Thursday, 5 December 2019

Alitalia signs codeshare deal with Brazil's Azul just days after another bailout from Italian government

The Italian flag carrier Alitalia has signed a codeshare agreement with Azul Brazilian Airlines, the largest airline in Brazil by the number of cities served, the airlines confirmed on Wednesday 4th December. 

As part of this agreement, customers can conveniently connect to Azul’s unrivalled domestic network when flying Alitalia into and out of São Paulo (Guarulhos) and Rio de Janeiro (Galeão). 

Under the agreement, the codeshared network will include 19 domestic Brazilian destinations served by Azul in connection with Alitalia services to/from São Paulo (Guarulhos) and Rio de Janeiro (Galeão):  Belém, Porto Seguro, Brasilia, Cuiabá, Belo Horizonte, Curitiba, Florianópolis, Fortaleza, Goiânia, Foz do Iguaçu, Ilhéus, Navegantes, Porto Alegre, Ribeirão Preto, Recife, Rio de Janeiro Santos Dumont, Salvador, Vitória and Campinas-Viracopos.

"Alitalia is always seeking new partnerships that provide our passengers with the best travel experience when flying to an increasingly larger number of destinations. This new cooperation agreement significantly enlarges our presence in Brazil, a key market which presents great growth opportunities for the airline, because of the significant presence of the Italian community, and where we operate 42 weekly inbound and outbound flights, thanks to the double-daily service to São Paulo and the daily service to Rio de Janeiro," said Fabio Maria Lazzerini, Chief Business Officer at Alitalia.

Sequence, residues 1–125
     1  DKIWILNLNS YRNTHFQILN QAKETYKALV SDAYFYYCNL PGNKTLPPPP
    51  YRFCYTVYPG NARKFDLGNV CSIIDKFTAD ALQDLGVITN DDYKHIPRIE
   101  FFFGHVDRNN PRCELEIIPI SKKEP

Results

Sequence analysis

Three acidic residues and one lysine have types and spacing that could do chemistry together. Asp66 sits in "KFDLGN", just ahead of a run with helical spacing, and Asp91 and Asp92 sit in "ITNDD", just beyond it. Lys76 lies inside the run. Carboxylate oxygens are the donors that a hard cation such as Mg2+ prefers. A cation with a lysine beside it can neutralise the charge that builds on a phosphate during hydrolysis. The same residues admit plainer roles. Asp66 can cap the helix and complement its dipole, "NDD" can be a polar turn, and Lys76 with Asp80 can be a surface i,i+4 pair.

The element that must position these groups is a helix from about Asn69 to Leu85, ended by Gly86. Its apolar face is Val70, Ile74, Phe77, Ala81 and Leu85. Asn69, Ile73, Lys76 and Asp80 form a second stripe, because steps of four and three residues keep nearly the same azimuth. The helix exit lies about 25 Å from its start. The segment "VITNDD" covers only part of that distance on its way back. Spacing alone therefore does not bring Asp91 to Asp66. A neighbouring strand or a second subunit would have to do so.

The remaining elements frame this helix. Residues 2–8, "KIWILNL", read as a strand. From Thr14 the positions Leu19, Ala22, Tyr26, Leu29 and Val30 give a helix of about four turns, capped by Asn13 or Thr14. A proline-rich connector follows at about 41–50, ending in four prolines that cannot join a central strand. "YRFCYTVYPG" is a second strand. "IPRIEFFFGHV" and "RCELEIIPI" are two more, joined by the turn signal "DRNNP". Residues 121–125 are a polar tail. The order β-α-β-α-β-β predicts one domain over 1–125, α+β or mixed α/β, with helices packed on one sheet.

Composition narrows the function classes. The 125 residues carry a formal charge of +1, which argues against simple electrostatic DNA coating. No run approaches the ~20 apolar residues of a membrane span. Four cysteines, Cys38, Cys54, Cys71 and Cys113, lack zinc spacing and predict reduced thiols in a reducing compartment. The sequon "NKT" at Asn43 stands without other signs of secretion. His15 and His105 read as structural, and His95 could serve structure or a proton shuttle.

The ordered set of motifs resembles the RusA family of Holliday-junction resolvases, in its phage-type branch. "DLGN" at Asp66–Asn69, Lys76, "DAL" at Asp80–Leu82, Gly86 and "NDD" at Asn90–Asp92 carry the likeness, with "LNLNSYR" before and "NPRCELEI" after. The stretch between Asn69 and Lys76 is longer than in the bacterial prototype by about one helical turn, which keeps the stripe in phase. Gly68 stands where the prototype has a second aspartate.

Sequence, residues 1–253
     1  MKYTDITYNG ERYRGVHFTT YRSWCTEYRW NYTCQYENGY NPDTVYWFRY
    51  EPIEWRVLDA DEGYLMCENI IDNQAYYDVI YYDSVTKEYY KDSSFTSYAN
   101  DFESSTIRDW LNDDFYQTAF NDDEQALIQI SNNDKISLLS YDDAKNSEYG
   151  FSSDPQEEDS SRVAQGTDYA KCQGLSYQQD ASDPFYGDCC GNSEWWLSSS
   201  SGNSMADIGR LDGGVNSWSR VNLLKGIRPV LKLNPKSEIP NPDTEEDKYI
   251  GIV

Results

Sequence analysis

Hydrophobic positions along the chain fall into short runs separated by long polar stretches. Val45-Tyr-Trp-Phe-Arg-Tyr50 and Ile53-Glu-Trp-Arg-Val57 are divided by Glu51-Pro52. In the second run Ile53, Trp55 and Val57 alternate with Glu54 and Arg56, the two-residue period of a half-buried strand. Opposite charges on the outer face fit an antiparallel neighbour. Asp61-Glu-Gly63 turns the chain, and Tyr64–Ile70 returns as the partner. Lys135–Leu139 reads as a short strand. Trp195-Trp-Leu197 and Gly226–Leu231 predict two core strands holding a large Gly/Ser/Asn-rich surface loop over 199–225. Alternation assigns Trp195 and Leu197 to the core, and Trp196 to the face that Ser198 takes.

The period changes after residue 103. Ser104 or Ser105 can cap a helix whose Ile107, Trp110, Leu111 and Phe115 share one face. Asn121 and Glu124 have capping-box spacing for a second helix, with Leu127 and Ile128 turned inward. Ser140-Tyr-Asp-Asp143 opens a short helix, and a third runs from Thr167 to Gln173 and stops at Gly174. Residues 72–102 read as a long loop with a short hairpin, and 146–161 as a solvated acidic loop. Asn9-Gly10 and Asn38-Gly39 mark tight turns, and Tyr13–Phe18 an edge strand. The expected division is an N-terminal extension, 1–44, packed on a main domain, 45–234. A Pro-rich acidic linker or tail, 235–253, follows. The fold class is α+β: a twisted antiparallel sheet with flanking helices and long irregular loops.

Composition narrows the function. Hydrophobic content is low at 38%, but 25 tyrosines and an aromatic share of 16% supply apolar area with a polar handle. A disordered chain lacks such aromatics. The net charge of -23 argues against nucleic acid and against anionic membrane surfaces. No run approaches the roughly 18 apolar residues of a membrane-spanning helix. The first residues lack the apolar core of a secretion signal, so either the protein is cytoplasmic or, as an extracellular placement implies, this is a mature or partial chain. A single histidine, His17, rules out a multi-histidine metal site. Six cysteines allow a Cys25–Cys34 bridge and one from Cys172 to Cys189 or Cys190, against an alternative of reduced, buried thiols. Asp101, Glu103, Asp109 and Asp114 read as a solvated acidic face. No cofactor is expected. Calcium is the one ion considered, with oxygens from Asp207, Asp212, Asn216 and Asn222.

On Monday, the Italian government has approved a rescue or bridging loan for the struggling national carrier Alitalia to the tune of €400 million.   The cash is designed to see the airline through until the middle of May, while yet another rigorous plan to save the carrier from collapsing completely.

This is not the first time the government has had to dig deep to save its flag carrier, as recently as 2017 it stumped up €900 million.  It had been hoped that various buyers - either singularly or as a consortium, would come forward to invest in the cash haemorrhaging airline, yet despite lots of talks, much speculation, the odd briefing and supposed backroom deals,  nothing has been signed and sealed.

So will this latest bridging loan make a difference in the long run for the airline?  The jury is out on that one at the moment, but very few voices in the aviation industry are sounding positive for the long term future of the airline. Some are just saying its good money after bad and pointless at this stage.  Others have indicated that the European Commission which is already started looking ton to 2017 loan as the illegal state aid will do the same to this lastest avalanche of cash. 

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